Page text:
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Effect of Range of Motion on Muscle Strength and Thickness

Pinto, Ronei S.1; Gomes, Naiara1; Radaelli, Régis1; Botton, Cíntia E.1; Brown, Lee E.2; Bottaro, Martim3

Journal of Strength & Conditioning Research: August 2012 - Volume 26 - Issue 8 - p 2140–2145
doi: 10.1519/JSC.0b013e31823a3b15
Original Research

Abstract: Pinto, RS, Gomes, N, Radaelli, R, Botton, CE, Brown, LE, and Bottaro, M. Effect of range of motion on muscle strength and thickness. J Strength Cond Res 26(8): 2140–2145, 2012—The purpose of this investigation was to compare partial range-of-motion vs. full range-of-motion upper-body resistance training on strength and muscle thickness (MT) in young men. Volunteers were randomly assigned to 3 groups: (a) full range of motion (FULL; n = 15), (b) partial range of motion (PART; n = 15), or (c) control (CON; n = 10). The subjects trained 2 d·wk−1 for 10 weeks in a periodized program. Primary outcome measures included elbow flexion maximal strength measured by 1 repetition maximum (1RM) and elbow flexors MT measured by ultrasound. The results indicated that elbow flexion 1RM significantly increased (p < 0.05) for the FULL (25.7 ± 9.6%) and PART groups (16.0 ± 6.7%) but not for the CON group (1.7 ± 5.5%). Also, FULL 1RM strength was significantly greater than the PART 1RM after the training period. Average elbow flexor MT significantly increased for both training groups (9.65 ± 4.4% for FULL and 7.83 ± 4.9 for PART). These data suggest that muscle strength and MT can be improved with both FULL and PART resistance training, but FULL may lead to greater strength gains.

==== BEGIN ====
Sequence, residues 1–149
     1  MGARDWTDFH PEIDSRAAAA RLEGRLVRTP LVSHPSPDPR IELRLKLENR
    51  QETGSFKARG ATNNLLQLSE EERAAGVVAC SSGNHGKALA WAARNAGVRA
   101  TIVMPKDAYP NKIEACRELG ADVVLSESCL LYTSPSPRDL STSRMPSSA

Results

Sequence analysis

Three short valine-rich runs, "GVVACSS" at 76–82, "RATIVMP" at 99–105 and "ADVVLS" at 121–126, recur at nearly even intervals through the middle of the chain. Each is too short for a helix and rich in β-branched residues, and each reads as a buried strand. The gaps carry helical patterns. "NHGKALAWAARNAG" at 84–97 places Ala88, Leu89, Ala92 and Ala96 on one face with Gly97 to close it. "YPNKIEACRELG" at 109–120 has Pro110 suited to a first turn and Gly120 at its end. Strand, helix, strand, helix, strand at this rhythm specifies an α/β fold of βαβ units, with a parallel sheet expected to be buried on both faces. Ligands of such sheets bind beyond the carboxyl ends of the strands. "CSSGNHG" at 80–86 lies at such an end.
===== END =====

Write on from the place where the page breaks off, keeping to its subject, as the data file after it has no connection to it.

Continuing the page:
1College of Physical Education, Exercise Research Laboratory, Federal University of Rio Grande do Sul, Porto Alegre, RS, Brazil

2Department of Kinesiology, Human Performance Laboratory, California State University, Fullerton, California

3College of Physical Education, Strength Training Laboratory, University of Brasília, Brasília, DF, Brazil

Address correspondence to Ronei S. Pinto,

© 2012 National Strength and Conditioning Association